I spent last weekend in Washington DC, eating a lot of rice.
Of course, eating a lot of rice isn’t all that uncommon for someone who eats gluten-free – it’s versatile, cheap, satisfyingly starchy….
Sometimes all that versatility makes me forget one or another way that I used to enjoy eating rice, though. This weekend I was reminded of an old favorite, and one I plan to bring back into rotation as soon as I can get myself to the grocery store: sticky rice.
Sticky rice is most commonly associated with Thai food, and is sometimes written as Kao Niew. The best word for it is probably toothsome; the texture is chewy and pleasant and satisfying in every respect. You’ll see it sweetened with coconut milk and served with mango for dessert, or simply steamed and served alongside certain dishes, to be balled up and used a sponge for sauces. But did you know you can also make it at home?
There’s no special equipment required, but there are a few keys to making sticky rice properly:
- Get the right kind of rice. You’ll find it in most Asian groceries, where it might be labeled as either sticky rice, glutinous rice or sweet rice. There may be some variation between Thai, Chinese and Japanese brands but any of them will work.
- Prep the rice. Sticky rice needs to be rinsed, but it also needs to be soaked to break down the outer shell. It’s ideal to soak sticky rice overnight, but in a pinch an hour or two will do.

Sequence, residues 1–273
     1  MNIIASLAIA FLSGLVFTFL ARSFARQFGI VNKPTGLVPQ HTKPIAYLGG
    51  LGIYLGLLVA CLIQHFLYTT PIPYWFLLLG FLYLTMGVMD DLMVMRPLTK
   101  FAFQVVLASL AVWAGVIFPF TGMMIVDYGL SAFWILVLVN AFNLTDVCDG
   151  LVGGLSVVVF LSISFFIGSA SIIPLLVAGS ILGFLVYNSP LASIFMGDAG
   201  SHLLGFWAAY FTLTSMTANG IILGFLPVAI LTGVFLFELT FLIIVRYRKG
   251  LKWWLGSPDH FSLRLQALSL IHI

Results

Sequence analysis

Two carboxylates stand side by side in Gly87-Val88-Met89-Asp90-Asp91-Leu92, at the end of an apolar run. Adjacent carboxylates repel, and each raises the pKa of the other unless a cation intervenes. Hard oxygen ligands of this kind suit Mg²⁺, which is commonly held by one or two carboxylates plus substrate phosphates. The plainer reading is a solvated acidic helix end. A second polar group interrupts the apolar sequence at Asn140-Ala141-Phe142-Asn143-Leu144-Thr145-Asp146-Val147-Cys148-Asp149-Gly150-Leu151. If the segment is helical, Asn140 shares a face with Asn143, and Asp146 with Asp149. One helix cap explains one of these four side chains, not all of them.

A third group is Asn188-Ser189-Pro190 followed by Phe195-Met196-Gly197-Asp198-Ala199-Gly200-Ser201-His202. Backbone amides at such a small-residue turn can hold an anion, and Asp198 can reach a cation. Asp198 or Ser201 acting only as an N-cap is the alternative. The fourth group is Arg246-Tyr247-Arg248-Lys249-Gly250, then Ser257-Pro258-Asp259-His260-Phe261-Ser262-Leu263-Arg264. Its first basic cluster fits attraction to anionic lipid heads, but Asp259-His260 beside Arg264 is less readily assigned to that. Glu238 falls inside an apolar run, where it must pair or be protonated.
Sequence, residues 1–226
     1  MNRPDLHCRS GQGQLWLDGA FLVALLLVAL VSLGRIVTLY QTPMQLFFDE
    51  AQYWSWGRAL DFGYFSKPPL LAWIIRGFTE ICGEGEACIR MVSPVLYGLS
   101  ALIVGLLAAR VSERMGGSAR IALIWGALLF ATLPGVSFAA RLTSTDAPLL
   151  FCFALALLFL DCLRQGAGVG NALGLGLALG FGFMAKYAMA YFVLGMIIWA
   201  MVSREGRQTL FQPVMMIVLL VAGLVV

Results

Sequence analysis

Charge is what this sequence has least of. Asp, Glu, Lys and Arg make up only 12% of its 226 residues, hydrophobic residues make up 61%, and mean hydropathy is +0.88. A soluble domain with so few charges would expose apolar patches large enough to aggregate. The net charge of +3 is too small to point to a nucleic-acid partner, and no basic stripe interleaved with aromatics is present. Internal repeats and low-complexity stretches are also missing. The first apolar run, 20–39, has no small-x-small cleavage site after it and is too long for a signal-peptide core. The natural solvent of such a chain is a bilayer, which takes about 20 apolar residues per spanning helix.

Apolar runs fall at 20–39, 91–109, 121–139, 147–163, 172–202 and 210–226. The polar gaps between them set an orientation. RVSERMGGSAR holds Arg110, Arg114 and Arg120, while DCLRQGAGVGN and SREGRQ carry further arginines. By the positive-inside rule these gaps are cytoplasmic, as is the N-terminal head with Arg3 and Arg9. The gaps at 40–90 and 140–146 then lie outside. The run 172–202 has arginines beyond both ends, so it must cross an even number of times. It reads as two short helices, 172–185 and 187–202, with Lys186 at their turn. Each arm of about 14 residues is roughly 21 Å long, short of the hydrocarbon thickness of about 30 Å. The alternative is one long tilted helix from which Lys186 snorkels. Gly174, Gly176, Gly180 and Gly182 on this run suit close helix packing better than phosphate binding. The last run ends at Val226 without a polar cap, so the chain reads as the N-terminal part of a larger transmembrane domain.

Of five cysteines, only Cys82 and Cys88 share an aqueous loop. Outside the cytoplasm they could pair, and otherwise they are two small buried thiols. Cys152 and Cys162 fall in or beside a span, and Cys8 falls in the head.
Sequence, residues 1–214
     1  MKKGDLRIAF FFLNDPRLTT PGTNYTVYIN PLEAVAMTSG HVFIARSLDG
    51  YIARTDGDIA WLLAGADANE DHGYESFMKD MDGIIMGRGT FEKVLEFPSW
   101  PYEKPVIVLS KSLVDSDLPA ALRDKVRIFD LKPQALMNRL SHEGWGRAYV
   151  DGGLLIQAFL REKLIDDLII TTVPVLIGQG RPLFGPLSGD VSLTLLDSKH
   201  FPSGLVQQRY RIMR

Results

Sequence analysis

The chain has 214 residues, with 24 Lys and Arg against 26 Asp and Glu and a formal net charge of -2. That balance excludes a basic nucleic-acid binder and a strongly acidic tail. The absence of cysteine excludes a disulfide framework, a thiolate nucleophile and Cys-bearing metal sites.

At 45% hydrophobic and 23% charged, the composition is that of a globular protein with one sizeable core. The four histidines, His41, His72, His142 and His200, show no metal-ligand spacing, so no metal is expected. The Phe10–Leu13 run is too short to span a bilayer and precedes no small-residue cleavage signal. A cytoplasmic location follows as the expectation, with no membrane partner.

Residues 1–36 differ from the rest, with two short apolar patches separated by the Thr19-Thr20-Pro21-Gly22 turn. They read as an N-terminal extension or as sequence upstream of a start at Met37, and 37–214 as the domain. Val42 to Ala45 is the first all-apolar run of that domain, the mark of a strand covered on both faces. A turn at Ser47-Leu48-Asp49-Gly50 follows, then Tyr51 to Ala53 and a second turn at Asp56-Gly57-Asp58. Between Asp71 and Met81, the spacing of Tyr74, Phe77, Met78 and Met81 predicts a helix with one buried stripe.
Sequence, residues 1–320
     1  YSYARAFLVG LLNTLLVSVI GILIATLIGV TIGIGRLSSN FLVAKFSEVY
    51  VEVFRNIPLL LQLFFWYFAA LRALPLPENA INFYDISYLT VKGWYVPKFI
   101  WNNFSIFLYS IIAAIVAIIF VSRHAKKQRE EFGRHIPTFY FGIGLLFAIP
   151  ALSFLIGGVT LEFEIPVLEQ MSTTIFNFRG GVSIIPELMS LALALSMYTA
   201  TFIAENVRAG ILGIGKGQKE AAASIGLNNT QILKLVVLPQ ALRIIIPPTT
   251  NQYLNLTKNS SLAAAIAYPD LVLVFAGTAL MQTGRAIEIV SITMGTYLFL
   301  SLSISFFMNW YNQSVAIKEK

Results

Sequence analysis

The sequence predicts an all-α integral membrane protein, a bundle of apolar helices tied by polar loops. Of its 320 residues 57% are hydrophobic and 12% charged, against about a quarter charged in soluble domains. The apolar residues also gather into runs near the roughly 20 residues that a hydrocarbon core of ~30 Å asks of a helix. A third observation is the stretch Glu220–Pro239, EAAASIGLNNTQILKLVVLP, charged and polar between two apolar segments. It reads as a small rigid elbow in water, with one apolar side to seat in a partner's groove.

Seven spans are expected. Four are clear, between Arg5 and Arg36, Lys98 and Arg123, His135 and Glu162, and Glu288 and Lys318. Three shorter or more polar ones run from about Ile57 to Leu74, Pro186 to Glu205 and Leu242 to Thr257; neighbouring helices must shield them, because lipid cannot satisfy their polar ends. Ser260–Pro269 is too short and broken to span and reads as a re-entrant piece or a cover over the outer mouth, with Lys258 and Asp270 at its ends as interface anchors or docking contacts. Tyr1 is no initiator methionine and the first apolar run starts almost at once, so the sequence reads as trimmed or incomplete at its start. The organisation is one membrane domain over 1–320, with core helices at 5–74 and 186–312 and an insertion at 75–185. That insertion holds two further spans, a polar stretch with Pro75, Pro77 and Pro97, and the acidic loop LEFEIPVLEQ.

- Choose a cooking method:
- Traditional Steaming: wrap the rice in cheesecloth and steam it until it’s done, taking care not to let the rice touch the water.
- Boiling: you can boil 2 parts rice and 3.5 parts water in a partially covered pan for 10-20 minutes
- Microwave: Combine 1 part rice to slightly more than 1 part water and microwave in 3-minute intervals until translucent.
- Let it sit. The rice will benefit from sitting in the heat for another 10 minutes if you are steaming or boiling it.
Here are some recipes for sticky rice and dessert sticky rice that should get you well on your way:
- Chez Pim cooks Sticky Rice and offers options for sweet or savory
- About.com offers options for Boiling Sticky Rice
- CookingThaiFood.com put a how-to video up that’s also quite helpful and gives some background on how sticky rice is different
- Black sticky rice is a beautiful alternative, and Thai Food and Travel has a great Black Sticy Rice Pudding recipe that’s of course gluten-free
Do you enjoy sticky rice? If so, have you made it at home?